This map defines the route and shows sign locations for the new River Trail East spur. 
The route for the most part will use streets and roads that are included within the Little Rock bike plan, and formalizes a long-used ride route east of the City that many of us refer to as "the Airport Loop".The route passes by or near the Clinton Presidential Library Park, Heifer Project International, the Clinton National Airport, the Little Rock Port Authority, Dassault Falcon, and Welspun on the way to the David D. Terry Park. The scenery along the flat ride varies from parkland to industrial to lowlands marsh. Traffic is generally light, especially on weekends, and the road quality ranges from excellent broad avenues near the airport to rail-crossed and pot-holed in the industrial park. One-way mileage to Terry Park is about 13 miles. Look for the signs to go up soon.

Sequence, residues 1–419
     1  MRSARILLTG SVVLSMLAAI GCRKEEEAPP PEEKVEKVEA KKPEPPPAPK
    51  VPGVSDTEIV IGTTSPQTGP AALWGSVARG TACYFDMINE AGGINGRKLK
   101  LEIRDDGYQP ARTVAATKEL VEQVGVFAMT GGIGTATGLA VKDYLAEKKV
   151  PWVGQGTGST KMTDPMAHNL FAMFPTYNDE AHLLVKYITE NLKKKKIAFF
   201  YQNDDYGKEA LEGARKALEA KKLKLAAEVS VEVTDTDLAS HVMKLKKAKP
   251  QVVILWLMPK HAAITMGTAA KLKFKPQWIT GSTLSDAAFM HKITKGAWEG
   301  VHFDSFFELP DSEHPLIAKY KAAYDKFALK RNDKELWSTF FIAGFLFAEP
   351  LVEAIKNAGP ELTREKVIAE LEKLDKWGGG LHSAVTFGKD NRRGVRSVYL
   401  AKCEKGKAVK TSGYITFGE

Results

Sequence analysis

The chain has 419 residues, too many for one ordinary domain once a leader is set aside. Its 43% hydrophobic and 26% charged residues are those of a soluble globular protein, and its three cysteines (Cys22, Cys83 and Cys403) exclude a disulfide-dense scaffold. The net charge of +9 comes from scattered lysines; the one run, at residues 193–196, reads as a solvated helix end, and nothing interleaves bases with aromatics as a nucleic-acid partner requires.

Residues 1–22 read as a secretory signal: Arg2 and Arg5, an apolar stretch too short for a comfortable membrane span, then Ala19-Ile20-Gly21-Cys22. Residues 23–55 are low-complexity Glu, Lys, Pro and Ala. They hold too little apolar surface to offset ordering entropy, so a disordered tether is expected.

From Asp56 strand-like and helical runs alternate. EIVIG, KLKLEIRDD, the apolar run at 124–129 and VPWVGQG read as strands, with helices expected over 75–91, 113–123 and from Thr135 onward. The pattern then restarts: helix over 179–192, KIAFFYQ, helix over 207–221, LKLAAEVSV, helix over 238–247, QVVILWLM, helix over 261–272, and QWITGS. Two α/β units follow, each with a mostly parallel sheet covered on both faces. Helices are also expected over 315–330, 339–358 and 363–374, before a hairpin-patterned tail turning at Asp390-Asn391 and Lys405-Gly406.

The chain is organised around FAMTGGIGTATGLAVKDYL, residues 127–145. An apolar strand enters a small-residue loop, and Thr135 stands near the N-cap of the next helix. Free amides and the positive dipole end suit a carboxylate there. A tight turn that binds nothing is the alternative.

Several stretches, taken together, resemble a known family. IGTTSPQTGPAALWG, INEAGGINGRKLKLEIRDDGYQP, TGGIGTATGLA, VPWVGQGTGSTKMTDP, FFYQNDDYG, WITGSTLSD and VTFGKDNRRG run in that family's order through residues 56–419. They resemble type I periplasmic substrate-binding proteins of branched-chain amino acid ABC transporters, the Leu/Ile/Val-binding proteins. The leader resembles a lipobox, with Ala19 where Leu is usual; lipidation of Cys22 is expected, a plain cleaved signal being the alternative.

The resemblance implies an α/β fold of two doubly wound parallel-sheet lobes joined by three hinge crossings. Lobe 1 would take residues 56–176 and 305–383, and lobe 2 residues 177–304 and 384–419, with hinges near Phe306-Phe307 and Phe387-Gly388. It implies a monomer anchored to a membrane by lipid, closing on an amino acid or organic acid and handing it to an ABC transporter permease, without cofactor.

The Clinton National Airport has recently installed bike racks for travellers, employees, and visitors, and boasts the fastest free Wi-Fi Internet of any airport in the country. There is an easily accessible Starbucks near the terminal entrance to satisfy the need for a jolt of caffeine or a bite to eat.
The various institutions and businesses along the route were generally supportive of the project, with some seeing it as an opportunity for associates to commute by bike or to enjoy the fitness opportunities offered by having a nearby designated bike route.
The Arkansas River Trail Task Force operates under the auspices of Metroplan, the regional transportation authority.

Tuesday, April 7, 2015

Updates: BDB Policy, Detours North and South of The River

On the BDB...